After working your entire life, you deserve to have a significant nest egg to provide support throughout your golden years. However, there are strict rules regarding 401(k) accounts and withdrawing your money too soon could leave you facing serious penalties. While it can be tough to view your 401(k) funds as off limits when immediate needs arise, it is important to understand the 401(k) withdrawal penalty and how you can avoid these exuberant fees. Learn more about 401(k) money withdrawal and how financial consultants can assist you with your retirement portfolio.
401(k) Withdrawal Timing Rules
Rules surrounding retirement plans are put in place to ensure that your funds are readily available when you retire. If you have money saved in a 401(k) account, you generally cannot withdraw the funds until you have reached age 59 ½, left your employer, have become disabled, or have passed away in which time your beneficiaries must begin withdrawing from the account. However, there are some loopholes to these rules. Most 401(k) plans allow you to access your money early through certain hardship distributions. However, you can only withdraw funds that you are vested in, or have ownership over.
As the main contributor of your 401k, you are fully vested in the salary deferral contributions that you make while employed. However, any contributions made by your employer through matching or profit sharing contributions may have to follow a vesting schedule. Before these funds can be fully vested, the employer must have had to work for the employer for up to six years. If for whatever reason an employee chooses to leave the employer before he or she is fully vested, any unvested portion of the employer’s contribution is automatically forfeited back to the plan.
Early 401(k) Withdrawal Penalty
If you find that you absolutely need the funds from your 401(k) before you reach 59 ½, you may be facing some steep penalties. When you fund a traditional 401k, all contributions made to the account remain tax-free until the time of withdrawal. However, in exchange for this tax break the IRS wants you to leave the money untouched until you reach the designated age. If you attempt to withdraw these funds sooner, you will likely face a 10 percent early withdrawal penalty on the sum of money withdrawn. For example, if you withdraw $20,000 at age 35, you will lose $2,000 as a penalty.
In addition to this steep 401(k) withdrawal penalty, you will also have to pay any tax due based on your ordinary income tax rate. However, if you are experiencing a hardship the IRS may allow you to withdraw funds early, penalty-free. To be eligible for this perk, you must meet the definition of hardship set by the IRS. Some examples of a hardship may include a death, disability, medical expenses, funeral expenses, education expenses, purchase of a home, housing payments needed, or certain home repair expenses for your primary residence. You must also prove that the funds in your 401(k) are necessary to satisfy an “immediate and heavy need.”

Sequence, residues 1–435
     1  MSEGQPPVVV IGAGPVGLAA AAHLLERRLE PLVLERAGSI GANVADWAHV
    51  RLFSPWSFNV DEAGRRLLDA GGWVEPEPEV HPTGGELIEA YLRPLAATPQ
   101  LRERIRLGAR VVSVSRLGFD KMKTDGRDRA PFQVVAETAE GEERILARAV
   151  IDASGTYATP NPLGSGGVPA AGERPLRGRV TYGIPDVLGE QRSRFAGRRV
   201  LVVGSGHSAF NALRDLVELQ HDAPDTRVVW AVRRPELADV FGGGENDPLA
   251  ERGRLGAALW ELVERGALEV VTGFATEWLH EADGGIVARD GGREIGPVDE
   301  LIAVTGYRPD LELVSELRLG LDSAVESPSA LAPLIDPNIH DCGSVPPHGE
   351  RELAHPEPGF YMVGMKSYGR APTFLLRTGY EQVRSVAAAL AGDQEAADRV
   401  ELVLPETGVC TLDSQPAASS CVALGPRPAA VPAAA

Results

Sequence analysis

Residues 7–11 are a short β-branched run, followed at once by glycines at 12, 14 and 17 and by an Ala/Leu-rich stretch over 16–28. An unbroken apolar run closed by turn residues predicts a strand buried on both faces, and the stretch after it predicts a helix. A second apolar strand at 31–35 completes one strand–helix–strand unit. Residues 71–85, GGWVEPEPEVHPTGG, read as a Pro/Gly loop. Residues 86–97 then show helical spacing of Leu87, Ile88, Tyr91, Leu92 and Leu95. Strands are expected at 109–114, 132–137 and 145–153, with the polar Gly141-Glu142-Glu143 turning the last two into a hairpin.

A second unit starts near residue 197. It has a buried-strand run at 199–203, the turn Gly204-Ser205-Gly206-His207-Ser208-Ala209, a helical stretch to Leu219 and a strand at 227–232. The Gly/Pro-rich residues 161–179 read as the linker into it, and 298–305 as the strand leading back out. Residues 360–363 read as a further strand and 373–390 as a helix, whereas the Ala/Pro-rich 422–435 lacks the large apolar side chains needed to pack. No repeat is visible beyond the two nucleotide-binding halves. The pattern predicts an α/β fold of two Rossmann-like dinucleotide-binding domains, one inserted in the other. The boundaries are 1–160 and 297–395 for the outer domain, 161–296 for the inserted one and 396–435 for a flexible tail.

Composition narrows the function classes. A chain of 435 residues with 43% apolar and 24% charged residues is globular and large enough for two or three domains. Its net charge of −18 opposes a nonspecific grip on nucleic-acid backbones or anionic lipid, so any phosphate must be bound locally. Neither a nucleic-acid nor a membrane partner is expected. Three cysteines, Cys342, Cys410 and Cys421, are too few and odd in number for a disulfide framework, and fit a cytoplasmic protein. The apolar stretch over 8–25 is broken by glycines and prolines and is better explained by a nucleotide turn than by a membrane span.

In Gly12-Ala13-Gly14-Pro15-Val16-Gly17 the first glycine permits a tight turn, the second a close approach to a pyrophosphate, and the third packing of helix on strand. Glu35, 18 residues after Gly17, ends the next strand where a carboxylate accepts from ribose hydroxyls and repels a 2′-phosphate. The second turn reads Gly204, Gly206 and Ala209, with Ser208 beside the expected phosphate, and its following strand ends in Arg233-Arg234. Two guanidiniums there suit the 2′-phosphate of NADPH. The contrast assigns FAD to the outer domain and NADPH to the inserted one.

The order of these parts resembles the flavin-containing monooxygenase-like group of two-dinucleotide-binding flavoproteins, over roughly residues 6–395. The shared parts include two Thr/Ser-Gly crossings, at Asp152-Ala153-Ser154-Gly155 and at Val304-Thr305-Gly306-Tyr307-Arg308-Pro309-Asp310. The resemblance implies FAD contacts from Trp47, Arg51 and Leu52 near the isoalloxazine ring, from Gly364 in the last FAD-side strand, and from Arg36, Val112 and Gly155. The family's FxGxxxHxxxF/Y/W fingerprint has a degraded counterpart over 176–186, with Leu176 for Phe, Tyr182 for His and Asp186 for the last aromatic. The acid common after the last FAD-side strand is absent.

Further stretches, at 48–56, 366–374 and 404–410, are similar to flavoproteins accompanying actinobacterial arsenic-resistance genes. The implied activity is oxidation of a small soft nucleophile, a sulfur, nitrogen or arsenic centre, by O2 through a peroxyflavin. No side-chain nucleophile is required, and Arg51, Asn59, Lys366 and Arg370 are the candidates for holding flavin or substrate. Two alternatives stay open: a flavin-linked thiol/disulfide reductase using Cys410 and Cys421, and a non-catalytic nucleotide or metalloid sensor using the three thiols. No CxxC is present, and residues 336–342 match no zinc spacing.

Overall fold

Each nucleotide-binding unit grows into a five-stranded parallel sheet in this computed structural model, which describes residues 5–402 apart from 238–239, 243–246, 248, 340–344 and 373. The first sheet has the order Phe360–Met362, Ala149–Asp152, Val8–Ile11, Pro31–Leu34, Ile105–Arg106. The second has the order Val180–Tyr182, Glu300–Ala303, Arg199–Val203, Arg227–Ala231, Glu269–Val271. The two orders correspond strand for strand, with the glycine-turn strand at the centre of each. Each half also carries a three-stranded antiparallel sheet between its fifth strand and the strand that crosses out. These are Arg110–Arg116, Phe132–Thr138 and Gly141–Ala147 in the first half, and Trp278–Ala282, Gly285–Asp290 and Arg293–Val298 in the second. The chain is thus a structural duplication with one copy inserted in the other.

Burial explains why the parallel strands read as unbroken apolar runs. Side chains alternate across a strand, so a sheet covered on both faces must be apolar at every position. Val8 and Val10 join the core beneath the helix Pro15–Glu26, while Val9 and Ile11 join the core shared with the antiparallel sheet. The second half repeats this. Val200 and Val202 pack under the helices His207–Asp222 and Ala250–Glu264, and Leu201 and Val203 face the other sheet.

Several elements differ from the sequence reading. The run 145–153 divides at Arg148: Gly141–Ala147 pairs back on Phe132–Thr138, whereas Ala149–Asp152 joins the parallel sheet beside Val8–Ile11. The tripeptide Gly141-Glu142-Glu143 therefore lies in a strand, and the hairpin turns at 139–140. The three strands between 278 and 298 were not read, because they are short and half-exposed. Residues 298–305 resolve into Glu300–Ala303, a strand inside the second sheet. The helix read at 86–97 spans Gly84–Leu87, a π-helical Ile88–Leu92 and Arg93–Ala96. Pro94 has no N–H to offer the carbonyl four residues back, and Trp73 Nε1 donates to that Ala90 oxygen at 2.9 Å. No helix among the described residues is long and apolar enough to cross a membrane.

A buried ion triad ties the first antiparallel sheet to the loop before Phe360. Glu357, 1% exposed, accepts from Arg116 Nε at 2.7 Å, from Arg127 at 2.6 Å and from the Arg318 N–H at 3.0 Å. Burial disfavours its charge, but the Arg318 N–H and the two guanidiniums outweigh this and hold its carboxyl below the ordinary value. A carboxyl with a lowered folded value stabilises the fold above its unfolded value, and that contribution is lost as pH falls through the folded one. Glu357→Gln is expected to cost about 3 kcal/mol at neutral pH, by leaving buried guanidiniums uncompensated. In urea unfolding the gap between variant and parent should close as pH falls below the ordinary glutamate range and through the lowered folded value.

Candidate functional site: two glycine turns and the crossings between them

If you want to avoid the 401(k) withdrawal penalty, you may be interested in a 401(k) loan. If your employer permits this option, you can borrow funds from your 401(k) account with interest. You will then have to repay the loan, as well as any accumulated interest, by increasing the pre-tax deferrals from your paychecks. There are several benefits to using a 401(k) loan, such as lower interest rates. Unlike other types of loans, a 401(k) loan does not require a credit check.
When you reach retirement, you may be tempted to take out the full amount all at once. However, this is typically not the best way to approach withdrawal. At retirement, your funds still have the chance to grow, even if you choose to withdraw some funds. It can be beneficial to keep some money in the account to grow. Most experts recommend withdrawing 4 percent annually to maintain financial security. However, how much you need to meet your expenses, your life expectancy, and various other factors should be considered when determining the best rate of withdrawal.
Learn More About 401(k) Withdrawals
Knowing the best way to handle and withdraw your money from a 401(k) account can be tricky. By following the rules that pertain to 401(k) accounts, you can power through your retirement with plenty of funds to cover your expenses. If for whatever reason you are unable to withdraw all of your retirement funds before death, know that any money left in the account is passed onto the beneficiaries you named while opening the account. However, your beneficiaries will be responsible for paying income tax on any funds withdrawn from the account. For more information about 401(k) withdrawal penalty or for assistance with your retirement portfolio, contact the financial consultants at IFG.